LEWIS HAMILTON has declared that the integrity of Formula One will be RUINED if the FIA fail to punish teams who breached financial budget caps.
Reports have been circulating since last week suggesting Red Bull and Aston Martin went over the allowed cost caps for the development of their cars last season.
Lewis Hamilton believes the integrity of F1 will be ruined if teams go unpunished for breaking rulesCredit: Splash
And if found guilty then Hamilton believes any transgression must be punished if the sport’s integrity is to remain intact.
Hamilton said: “I think it’s imperative, honestly, just for transparency. I think we need to continue to have transparency for the fans, for the integrity of the sport.
“Obviously there’s lots of conversations that are going on in the background. No one truly knows.
“There’s different numbers and different things being said here and there, so I was expecting those results – like you – to come out yesterday.
“I would like to think that if it’s been delayed it’s because it’s been taken very seriously and I trust that Mohammed (bin Sulayem) is taking it seriously and will do what is right for the sport, I hope.
“I think it would be bad for the sport if action wasn’t taken if there was a breach.”
Of course, Hamilton likely has an implied bias given the controversial circumstances he lost the 2021 title to Reb Bull’s Max Verstappen under.
If Red Bull’s alleged breach is found to be five per cent or more of the cap, this will constitute a “material (major) overspend breach” which could see them be punished in a number of ways.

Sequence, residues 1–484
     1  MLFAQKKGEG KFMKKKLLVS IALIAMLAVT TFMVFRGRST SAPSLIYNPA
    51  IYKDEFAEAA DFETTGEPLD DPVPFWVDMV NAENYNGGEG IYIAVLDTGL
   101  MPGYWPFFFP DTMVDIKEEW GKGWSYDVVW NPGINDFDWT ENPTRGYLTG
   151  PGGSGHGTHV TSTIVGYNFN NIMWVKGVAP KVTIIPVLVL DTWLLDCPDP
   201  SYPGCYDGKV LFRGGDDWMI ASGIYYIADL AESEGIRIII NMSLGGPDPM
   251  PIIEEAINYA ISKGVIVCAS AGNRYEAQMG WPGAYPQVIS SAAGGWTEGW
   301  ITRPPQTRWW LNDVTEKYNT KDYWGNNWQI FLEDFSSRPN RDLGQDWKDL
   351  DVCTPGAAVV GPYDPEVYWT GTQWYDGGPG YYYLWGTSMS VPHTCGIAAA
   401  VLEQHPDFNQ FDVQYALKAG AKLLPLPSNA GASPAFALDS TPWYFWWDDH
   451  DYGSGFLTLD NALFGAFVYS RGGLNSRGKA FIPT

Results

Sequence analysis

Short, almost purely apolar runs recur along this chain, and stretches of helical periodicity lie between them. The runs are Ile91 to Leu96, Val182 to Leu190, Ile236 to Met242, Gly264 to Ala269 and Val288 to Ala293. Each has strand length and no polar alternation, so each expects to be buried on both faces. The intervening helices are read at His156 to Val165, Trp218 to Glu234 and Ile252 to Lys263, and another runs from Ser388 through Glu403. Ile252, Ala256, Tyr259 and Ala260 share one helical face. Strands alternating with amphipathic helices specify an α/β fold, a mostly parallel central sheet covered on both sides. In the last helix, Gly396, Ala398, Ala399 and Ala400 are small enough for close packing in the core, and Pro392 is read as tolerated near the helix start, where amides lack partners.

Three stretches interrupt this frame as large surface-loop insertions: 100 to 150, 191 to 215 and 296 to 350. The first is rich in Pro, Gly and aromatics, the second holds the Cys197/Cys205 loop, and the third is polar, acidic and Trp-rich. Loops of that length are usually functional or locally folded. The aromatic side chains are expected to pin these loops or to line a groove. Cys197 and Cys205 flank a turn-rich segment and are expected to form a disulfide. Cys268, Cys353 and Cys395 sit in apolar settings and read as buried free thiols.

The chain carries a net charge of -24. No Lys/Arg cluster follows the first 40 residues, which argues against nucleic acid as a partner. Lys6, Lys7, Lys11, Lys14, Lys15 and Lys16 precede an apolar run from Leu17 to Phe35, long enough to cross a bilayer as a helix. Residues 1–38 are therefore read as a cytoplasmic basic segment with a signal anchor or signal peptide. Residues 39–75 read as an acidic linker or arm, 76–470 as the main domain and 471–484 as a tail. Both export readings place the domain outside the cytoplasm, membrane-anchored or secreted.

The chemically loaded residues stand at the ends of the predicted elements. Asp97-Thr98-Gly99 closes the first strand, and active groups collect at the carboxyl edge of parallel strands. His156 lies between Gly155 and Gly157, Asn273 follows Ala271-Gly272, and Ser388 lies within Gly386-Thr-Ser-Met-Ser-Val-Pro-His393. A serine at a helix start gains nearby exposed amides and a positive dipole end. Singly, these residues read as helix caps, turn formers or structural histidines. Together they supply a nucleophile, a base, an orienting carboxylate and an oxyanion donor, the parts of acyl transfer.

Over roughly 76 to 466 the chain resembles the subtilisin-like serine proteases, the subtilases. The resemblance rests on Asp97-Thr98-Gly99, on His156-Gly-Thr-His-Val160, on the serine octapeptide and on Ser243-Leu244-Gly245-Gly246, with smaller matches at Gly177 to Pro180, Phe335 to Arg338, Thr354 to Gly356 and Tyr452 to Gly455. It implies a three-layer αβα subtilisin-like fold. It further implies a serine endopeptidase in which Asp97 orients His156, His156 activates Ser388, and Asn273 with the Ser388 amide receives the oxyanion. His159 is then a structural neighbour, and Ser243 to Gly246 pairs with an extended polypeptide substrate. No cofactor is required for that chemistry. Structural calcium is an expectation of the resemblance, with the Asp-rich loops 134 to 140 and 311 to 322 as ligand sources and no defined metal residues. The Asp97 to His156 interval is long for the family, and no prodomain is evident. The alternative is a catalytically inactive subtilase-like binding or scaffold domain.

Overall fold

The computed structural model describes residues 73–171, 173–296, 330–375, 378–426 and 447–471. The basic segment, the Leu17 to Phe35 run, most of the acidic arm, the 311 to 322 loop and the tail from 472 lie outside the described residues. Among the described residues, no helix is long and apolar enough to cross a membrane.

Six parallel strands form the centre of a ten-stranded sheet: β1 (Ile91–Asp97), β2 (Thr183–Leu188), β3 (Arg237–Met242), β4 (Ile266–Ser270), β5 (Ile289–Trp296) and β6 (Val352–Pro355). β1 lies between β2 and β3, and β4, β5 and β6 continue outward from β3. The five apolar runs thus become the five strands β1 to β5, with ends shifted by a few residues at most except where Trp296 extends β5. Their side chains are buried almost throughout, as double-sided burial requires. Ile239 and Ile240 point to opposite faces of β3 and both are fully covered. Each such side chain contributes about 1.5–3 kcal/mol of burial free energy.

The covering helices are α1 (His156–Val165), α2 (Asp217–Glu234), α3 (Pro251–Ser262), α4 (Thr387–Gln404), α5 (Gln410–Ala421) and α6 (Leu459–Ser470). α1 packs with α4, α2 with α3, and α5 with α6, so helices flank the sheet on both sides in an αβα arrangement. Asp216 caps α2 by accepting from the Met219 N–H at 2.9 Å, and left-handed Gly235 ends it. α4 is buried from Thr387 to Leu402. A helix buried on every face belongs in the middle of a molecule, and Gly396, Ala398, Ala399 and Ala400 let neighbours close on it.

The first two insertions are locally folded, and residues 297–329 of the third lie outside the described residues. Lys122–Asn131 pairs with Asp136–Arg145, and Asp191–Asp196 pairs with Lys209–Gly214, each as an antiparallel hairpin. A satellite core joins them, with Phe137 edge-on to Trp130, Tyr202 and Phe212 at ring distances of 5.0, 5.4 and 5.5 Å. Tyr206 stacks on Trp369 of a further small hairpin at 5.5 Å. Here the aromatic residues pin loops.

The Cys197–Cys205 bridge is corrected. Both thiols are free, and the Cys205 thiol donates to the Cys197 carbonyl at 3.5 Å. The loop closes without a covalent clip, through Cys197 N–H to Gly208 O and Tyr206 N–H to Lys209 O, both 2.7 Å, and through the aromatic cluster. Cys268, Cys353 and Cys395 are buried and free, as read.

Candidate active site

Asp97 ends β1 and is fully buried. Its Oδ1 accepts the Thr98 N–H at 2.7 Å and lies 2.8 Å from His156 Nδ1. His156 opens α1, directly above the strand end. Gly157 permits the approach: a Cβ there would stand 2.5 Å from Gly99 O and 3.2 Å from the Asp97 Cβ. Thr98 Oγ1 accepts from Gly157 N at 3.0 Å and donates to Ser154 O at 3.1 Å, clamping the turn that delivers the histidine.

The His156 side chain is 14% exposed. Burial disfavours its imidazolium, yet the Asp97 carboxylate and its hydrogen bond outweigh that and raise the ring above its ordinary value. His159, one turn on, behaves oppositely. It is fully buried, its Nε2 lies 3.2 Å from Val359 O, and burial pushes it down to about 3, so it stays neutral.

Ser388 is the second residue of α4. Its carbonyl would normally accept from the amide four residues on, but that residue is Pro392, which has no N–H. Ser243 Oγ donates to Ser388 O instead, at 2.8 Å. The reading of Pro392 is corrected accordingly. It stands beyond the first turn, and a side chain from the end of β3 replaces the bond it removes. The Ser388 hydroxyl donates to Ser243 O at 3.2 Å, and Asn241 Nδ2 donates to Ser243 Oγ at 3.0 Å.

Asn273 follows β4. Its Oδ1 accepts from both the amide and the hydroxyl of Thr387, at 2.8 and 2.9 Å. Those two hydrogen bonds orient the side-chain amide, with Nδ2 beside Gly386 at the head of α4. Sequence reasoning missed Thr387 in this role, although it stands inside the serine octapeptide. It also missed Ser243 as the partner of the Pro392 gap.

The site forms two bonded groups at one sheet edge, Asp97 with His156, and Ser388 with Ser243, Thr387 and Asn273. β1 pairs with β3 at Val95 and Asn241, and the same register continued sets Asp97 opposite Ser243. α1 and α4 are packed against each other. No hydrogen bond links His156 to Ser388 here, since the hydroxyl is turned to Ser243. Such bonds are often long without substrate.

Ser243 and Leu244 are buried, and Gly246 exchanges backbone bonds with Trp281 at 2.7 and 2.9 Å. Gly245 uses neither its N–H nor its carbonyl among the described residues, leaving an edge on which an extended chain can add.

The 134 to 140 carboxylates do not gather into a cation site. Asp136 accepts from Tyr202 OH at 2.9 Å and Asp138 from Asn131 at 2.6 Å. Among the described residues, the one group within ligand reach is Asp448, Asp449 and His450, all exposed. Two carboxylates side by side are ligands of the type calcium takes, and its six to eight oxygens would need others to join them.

These include sanctions as little as financial penalties or limits on aerodynamic testing, all the way up to the deduction of points from teams and drivers and suspension or exclusion from the championship.
Hamilton, who was spotted wearing a T-shirt with his own name paired with a floral coat, added: “It’ll put in question our values, the integrity of the sport.
“I remember last year as a driver, you were always asking for updates, updates, updates on things, whether it’s fuel, whatever it is.
“And I remember in Silverstone when we got our last update and I remember that was almost three tenths, and I’m pretty certain it cost less than a million.
“But I remember after that needing more updates – but then seeing trucks of updates continuing to arrive on the other car, thinking ‘jeez, it’s going to be hard to beat them in the championship if they keep bringing updates.”
F1 has gone through scandals before, such as 2007’s Spygate and 2008’s Crashgate.
And recently as 2020 controversy loomed as the FIA refused to publish details of a “settlement” they reached with Ferrari over the operation of the team’s power unit.
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